Like what you've read?

On Line Opinion is the only Australian site where you get all sides of the story. We don't
charge, but we need your support. Here�s how you can help.

  • Advertise

    We have a monthly audience of 70,000 and advertising packages from $200 a month.

  • Volunteer

    We always need commissioning editors and sub-editors.

  • Contribute

    Got something to say? Submit an essay.

 The National Forum   Donate   Your Account   On Line Opinion   Forum   Blogs   Polling   About   
On Line Opinion logo ON LINE OPINION - Australia's e-journal of social and political debate


On Line Opinion is a not-for-profit publication and relies on the generosity of its sponsors, editors and contributors. If you would like to help, contact us.


RSS 2.0

Palestine - Israel has had enough

By David Singer - posted Monday, 14 May 2012

The Palestinian Authority's decision to unilaterally seek Palestinian statehood at the United Nations and UNESCO - in breach of its obligations under the Oslo Accords and the Roadmap - has propelled Benjamin Netanyahu and Shaul Mofaz into forming Israel's government of national unity this week. This was made abundantly clear when one of the four priorities announced by both leaders was:

to move forward responsibly in the peace process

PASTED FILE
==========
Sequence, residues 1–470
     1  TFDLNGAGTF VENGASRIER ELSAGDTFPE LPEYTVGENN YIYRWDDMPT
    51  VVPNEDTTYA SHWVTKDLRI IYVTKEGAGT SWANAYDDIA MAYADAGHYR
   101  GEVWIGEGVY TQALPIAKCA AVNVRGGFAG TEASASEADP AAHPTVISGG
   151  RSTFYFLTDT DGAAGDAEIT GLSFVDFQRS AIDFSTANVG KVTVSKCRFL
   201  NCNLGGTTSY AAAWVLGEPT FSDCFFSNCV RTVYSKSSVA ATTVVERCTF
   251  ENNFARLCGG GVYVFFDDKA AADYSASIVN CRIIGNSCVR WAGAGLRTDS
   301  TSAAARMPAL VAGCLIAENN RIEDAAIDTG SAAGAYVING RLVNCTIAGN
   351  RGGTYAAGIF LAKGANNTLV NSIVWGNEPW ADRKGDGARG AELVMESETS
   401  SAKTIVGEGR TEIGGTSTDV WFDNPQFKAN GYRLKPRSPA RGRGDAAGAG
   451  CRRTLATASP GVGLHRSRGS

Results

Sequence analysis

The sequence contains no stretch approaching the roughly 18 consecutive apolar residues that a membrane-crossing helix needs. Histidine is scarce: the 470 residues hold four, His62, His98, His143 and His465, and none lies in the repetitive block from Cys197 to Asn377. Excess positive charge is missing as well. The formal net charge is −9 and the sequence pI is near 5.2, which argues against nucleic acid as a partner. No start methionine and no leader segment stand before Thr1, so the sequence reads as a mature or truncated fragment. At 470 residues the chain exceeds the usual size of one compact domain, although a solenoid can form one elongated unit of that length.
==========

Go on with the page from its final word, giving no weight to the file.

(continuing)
With the new Government now controlling 78% of the votes in the Knesset - a new offer is set to be made by Israel to the Palestinian Authority in a final endeavour to resolve the allocation of sovereignty in the West Bank and Gaza between Jews and Arabs. Israel has endured the machinations of the Palestinian Authority for the last 19 years. Its continuing obduracy in demanding - as a minimum - a Palestinian State equal in size to 100% of the West Bank and Gaza - with its capitol in Jerusalem - has been a major stumbling block in ending the conflict. Successive Israeli Prime Ministers of differing political persuasions have laboured in vain to try and achieve an equitable division of these territories between Israel and the Palestinian Authority within the context of a negotiated peace treaty. Refusing to budge from 100% is hardly a basis on which anyone can ever hope to successfully negotiate. The Palestinian Authority will now pay dearly for its mistake in breaking away from the Oslo Accords and the Roadmap to unilaterally seek recognition of statehood at the United Nations and UNESCO in September and October 2011. These disastrous diplomatic forays were made outside - and in breach of - the negotiating framework established by the Oslo Accords and the Bush Roadmap - which provided in Clause XXXI (7) of the 1995 Israeli-Palestinian Interim Agreement on the West Bank and Gaza Strip:

Neither side shall initiate or take any step that will change the status of the West Bank and the Gaza Strip pending the outcome of the permanent status negotiations.

President Obama's attempt to counsel the Palestinian Authority against taking such action was made very clear when addressing world leaders at the United Nations General Assembly:

Peace will not come through statements and resolutions at the U.N. If it were that easy, it would have been accomplished by now.